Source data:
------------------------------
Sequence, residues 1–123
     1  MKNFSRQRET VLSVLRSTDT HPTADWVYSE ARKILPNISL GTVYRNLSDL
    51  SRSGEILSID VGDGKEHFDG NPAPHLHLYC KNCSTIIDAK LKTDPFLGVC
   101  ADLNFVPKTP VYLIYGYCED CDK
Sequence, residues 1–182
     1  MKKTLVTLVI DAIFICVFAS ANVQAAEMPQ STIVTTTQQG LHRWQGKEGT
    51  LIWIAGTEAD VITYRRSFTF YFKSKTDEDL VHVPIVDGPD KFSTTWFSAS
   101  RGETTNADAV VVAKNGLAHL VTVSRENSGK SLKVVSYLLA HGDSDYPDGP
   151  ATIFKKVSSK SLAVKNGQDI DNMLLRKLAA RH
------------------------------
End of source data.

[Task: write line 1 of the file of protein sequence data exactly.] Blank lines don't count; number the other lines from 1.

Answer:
Sequence, residues 1–123